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Soloing over Giant Steps

Discussion in 'General Instruction [BG]' started by Mark Wilson, Mar 16, 2009.


  1. Mark Wilson

    Mark Wilson Supporting Member

    Jan 12, 2005
    Toronto, Ontario
    Endorsing Artist: Elixir® Strings
    Alright.
    The turning point in a Jazz musician's life..

    how on EARTH do I solo over this?!

    I've looked up some ideas and one thing I found, which I'm really starting to dig, is using the B Hexatonic Augmented Scale over it.
    Since Giant Steps is essentially built up in Major 3rds (as key centers) then this scale works pretty much perfectly over all of them!

    What do you guys do to solo over this tune?
     
  2. jweiss

    jweiss Supporting Member

    Jul 5, 2007
    Park City, Utah
    I shake my head left-to-right twice and the continue to walk for the next soloist.

    Subscribed.
     
  3. Kobaia

    Kobaia

    Oct 29, 2005
    Denton TX
    Endorsing Artist: Aguilar Amp Gruv Gear and Mono Cases
    find patterns that work over each chord and move you into the next smoothly

    ie

    B - A# - B - C# - D - C - B - A - G

    play with the rhythms for each one and repeat is on each key center for the A section.

    ie F - Ab - C - Eb - D - C - Bb - Ab - G - Eb - D - Bb - A(is the 5th of the next 2-5 into G)

    B Whole tone scale can also save you on parts since it contains a pattern than can be replicated over each key with out really leaving the scale.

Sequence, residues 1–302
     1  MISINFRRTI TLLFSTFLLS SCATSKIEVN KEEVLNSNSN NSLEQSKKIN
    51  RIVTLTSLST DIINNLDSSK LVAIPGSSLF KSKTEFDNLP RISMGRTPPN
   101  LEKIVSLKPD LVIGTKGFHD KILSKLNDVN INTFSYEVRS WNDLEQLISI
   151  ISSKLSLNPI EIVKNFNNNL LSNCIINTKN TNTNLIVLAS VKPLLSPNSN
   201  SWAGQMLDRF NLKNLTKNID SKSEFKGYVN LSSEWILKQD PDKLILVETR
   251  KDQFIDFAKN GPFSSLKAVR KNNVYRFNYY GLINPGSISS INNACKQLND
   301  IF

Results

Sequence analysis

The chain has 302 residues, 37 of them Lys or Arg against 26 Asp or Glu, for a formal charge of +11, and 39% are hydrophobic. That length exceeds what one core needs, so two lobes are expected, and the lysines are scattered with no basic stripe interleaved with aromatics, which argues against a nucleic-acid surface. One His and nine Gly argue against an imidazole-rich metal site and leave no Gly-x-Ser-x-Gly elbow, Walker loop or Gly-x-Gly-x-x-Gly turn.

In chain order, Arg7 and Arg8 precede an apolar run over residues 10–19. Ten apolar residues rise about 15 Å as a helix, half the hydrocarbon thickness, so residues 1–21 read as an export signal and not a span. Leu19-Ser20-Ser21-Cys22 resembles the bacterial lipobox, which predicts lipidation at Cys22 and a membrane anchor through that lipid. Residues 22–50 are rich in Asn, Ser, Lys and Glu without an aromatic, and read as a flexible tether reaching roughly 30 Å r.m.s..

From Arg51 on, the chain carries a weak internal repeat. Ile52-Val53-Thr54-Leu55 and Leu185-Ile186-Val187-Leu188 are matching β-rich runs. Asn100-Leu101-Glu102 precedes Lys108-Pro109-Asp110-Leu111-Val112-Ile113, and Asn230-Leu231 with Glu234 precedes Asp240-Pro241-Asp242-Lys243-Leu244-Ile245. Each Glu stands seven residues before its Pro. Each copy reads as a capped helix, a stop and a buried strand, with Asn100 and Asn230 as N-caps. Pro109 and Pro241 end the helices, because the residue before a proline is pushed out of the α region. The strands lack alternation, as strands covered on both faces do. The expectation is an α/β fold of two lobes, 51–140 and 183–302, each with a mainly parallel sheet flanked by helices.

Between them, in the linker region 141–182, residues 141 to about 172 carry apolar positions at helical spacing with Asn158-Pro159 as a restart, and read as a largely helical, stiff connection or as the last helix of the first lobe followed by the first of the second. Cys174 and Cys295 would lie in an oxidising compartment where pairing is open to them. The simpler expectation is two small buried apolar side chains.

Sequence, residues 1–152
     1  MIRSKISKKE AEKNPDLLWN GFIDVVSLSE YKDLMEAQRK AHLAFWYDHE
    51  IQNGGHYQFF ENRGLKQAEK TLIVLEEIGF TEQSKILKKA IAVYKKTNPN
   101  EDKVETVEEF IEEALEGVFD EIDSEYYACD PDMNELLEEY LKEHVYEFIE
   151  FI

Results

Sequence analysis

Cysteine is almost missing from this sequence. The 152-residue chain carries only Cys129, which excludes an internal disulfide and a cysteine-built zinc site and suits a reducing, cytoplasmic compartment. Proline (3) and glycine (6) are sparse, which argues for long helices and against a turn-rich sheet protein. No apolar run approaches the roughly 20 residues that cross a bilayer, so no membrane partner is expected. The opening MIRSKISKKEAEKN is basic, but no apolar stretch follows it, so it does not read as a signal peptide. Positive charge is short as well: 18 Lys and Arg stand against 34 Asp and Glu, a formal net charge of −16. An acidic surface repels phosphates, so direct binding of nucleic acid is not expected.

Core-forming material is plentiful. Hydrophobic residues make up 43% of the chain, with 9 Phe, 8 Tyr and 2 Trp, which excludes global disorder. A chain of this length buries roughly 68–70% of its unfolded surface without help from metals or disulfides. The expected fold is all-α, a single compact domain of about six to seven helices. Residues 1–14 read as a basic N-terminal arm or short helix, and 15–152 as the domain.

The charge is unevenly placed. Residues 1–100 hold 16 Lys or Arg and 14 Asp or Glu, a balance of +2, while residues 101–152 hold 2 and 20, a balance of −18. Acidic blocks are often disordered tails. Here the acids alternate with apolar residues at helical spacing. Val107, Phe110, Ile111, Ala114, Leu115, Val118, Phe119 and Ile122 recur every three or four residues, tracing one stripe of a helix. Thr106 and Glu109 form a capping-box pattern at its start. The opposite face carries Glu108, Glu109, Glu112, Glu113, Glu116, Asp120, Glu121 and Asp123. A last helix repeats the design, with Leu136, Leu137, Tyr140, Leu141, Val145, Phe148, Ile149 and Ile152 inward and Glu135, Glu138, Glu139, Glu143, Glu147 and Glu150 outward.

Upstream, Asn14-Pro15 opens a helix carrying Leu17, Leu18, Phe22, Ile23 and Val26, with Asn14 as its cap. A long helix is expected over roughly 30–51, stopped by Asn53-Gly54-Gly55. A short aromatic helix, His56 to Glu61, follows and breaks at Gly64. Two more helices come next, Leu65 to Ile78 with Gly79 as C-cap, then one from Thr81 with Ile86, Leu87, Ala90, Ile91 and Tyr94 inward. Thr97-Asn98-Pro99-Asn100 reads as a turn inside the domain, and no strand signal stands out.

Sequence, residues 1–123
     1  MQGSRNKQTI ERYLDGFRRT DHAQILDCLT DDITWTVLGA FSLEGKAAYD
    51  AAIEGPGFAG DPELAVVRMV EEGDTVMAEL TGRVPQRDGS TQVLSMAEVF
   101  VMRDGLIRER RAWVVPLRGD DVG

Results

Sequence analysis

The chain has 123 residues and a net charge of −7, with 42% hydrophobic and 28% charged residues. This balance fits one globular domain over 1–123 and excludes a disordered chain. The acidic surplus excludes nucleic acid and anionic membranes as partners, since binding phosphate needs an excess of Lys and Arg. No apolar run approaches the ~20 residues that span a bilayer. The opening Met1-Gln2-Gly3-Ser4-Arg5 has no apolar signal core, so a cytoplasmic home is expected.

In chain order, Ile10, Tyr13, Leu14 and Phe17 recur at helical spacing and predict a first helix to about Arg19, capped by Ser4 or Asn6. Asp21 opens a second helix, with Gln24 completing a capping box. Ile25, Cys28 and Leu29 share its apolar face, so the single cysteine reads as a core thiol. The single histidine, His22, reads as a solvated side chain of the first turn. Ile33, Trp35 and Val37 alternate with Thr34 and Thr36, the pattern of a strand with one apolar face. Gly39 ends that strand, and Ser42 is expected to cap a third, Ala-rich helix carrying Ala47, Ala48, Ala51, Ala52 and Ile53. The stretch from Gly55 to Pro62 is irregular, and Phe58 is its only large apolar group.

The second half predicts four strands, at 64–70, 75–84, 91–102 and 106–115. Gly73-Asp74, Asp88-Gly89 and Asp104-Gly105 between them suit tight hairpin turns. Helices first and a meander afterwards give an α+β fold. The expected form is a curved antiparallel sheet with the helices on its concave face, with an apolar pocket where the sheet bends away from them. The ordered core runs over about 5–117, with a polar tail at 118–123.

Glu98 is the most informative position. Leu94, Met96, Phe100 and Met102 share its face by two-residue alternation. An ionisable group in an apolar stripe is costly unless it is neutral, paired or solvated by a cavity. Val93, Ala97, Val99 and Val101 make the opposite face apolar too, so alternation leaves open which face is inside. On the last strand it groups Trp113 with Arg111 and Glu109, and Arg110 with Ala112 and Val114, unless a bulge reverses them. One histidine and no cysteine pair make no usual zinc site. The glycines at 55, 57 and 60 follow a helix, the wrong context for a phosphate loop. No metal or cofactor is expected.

also memorizing the pattern of key centers. B G Eb. G Eb B. Eb G B Eb. its all a good excersice.
     
  4. Mark Wilson

    Mark Wilson Supporting Member

    Jan 12, 2005
    Toronto, Ontario
    Endorsing Artist: Elixir® Strings
    HAHA!
    If this wasn't for my bass master class, that's what I would do!
     
  5. HaVIC5

    HaVIC5

    Aug 22, 2003
    Brooklyn, NYC
    Here's a few ideas on getting started. You should first analyze the tune and the key centers (they're only three of them, but they go by so quickly). After than, why don't you...

    1) Transcribe two parts, first PC's walking line, and then second, Coltrane's solo(s, he actually solos twice on the tune). Walking the line can be just as much an art as soloing on the tune because of all of the crazy patterns you can get just hitting chord tones, and so working off of what PC was doing will give you a good jump start. Try and transcribe Coltrane's solo by yourself - it's been done a billion times before, yes, and they're all out there, but its way more rewarding to hear the notes for yourself versus taking somebody else's word for them.